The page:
About the following algorithm:

reach(Vertex s, Vertex t):
    if s = t return TRUE
        for v in Adj(s) do
            if reach(v,t) return TRUE
        return FALSE

Why can we say that its runtime on a directed acyclic graph is $O(n!)$?

I can see why there are $n!$ different paths in the graph, is it because in each of those $n!$ paths, the loop will run at most $n$ times?

  • $\begingroup$ If the loop would run at most $n$ times for each of $n!$ paths, you'd only have demonstrated that the running time is $O(n\,n!)$. $\endgroup$ – David Richerby Mar 16 '16 at 21:54

If you take each recursive call and trace it back to the original call reach(s,t) then you get some directed path starting at $s$. Hence the running time of the algorithm is $\Theta(N)$, where $N$ is the number of directed path starting at $s$ in which $t$ is not an internal vertex.

The number of paths of length $k$ (containing $k$ edges) is at most $(n-1)(n-2)\cdots(n-k)$, since each such path consists of distinct vertices different from $s$ (here we use the DAG property). Since paths have length between $0$ and $n-1$, we get that $$ N \leq \sum_{k=0}^{n-1} (n-1)\cdots(n-k) = (n-1)! \sum_{k=0}^{n-1} \frac{1}{k!} \leq e(n-1)!. $$ In particular, $N = O(n!)$.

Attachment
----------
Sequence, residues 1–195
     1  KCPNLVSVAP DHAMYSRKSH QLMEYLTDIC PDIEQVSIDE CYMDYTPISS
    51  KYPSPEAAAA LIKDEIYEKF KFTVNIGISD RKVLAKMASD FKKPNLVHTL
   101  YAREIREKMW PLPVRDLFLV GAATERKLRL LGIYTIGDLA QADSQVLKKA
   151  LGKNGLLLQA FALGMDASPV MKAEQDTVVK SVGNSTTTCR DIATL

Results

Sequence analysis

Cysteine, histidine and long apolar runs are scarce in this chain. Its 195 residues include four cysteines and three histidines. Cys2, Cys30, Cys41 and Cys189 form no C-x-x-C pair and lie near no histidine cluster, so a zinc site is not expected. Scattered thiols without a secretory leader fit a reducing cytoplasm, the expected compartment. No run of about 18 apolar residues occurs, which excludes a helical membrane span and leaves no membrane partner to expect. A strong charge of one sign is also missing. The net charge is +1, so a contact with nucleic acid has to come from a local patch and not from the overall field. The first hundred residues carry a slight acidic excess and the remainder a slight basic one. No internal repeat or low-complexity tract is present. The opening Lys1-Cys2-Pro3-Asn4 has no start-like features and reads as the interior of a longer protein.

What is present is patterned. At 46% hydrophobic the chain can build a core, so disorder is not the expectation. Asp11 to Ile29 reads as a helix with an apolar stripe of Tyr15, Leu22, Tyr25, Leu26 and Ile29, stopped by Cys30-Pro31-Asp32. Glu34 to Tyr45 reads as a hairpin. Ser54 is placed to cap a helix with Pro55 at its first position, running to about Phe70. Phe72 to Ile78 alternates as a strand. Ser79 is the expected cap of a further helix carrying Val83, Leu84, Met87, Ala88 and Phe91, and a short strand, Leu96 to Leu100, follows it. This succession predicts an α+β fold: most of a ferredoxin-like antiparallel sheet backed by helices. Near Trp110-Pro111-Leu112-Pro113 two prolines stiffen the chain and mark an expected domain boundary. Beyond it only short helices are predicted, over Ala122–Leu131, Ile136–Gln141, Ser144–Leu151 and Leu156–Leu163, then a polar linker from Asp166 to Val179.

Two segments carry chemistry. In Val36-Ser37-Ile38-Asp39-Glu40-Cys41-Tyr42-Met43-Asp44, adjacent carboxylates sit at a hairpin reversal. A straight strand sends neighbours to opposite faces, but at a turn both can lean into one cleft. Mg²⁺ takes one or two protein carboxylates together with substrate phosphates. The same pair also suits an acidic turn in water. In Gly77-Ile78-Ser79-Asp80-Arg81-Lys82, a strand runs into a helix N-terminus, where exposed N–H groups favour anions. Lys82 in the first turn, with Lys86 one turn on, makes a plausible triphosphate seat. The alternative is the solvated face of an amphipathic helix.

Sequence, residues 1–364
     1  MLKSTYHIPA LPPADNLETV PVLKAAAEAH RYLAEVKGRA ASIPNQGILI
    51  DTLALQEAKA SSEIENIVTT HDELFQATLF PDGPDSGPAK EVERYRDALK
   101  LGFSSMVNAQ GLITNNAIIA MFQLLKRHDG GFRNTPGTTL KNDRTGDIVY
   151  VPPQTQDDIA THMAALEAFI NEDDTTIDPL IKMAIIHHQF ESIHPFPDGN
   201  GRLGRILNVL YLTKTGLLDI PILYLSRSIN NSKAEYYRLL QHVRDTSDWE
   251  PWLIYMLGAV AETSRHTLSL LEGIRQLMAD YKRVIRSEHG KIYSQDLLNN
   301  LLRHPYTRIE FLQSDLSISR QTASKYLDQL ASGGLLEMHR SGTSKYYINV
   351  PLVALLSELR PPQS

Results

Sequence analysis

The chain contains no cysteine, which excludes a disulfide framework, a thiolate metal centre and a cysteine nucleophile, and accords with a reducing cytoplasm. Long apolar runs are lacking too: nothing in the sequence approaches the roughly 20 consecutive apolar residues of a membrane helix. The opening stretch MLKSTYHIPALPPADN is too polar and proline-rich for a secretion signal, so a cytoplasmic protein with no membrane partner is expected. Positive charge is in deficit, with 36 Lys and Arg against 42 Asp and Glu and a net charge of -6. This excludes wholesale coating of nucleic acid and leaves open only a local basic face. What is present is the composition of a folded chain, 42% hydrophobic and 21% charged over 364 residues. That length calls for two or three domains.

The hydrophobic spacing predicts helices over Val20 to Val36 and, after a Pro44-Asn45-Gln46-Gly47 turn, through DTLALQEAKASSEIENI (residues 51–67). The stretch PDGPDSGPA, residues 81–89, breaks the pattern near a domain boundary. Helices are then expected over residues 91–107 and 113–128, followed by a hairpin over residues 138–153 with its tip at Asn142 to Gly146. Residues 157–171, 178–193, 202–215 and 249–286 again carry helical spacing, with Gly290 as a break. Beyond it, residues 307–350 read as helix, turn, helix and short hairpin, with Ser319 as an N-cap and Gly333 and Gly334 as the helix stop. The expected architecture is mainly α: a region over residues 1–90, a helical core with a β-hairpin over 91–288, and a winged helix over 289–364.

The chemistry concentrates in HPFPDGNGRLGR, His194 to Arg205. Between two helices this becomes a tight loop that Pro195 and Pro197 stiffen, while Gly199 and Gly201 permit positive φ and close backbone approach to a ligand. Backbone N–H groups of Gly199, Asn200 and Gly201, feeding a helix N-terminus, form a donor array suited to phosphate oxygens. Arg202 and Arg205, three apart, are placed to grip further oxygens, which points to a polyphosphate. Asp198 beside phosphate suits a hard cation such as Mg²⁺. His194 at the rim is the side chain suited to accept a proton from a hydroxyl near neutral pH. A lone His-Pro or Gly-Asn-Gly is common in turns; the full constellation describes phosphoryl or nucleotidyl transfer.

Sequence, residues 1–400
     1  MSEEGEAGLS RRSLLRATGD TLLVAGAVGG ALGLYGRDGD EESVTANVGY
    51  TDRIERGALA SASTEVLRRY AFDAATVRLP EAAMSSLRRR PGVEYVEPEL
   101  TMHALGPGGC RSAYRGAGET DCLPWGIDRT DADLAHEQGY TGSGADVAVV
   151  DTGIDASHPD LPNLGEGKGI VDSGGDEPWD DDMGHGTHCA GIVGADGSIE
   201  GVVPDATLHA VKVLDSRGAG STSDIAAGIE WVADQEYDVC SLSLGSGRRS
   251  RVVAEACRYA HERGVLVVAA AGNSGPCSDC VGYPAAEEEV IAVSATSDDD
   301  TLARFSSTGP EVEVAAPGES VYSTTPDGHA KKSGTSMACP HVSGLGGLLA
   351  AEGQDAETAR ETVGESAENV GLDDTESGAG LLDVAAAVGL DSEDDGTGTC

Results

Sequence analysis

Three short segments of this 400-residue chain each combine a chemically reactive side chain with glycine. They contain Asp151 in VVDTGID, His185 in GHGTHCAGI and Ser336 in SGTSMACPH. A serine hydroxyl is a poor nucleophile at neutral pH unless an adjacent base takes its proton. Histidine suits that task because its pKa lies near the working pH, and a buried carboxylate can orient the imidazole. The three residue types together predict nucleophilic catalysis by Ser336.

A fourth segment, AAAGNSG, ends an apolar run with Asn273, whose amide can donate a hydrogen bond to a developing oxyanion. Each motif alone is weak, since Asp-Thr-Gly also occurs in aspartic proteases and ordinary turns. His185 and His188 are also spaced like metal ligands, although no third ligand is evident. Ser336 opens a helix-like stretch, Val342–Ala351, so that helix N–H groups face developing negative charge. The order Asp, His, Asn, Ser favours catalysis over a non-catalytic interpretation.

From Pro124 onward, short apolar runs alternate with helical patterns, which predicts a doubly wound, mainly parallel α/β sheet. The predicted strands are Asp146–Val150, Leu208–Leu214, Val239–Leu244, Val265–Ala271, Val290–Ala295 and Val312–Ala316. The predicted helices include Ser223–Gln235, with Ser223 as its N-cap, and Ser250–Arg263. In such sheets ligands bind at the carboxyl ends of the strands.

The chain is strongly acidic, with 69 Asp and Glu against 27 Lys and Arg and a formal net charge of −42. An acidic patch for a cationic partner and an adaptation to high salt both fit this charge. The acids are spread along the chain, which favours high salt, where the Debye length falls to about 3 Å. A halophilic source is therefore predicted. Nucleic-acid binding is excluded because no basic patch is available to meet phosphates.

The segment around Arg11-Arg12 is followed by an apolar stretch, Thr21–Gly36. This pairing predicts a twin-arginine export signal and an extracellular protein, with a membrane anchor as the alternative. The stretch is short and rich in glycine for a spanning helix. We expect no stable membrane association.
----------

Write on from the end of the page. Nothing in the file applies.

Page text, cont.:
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  • $\begingroup$ Why is it $\sum_{k=0}^{n-1} \frac{1}{k!}$ and not $\sum_{k=0}^{n-1} 1$? $\endgroup$ – shinzou Mar 16 '16 at 22:00
  • $\begingroup$ I'm using $(n-1)\cdots(n-k) = (n-1)!/(n-k-1)!$, and replacing $k$ in the second summation by $n-1-k$. $\endgroup$ – Yuval Filmus Mar 16 '16 at 22:01

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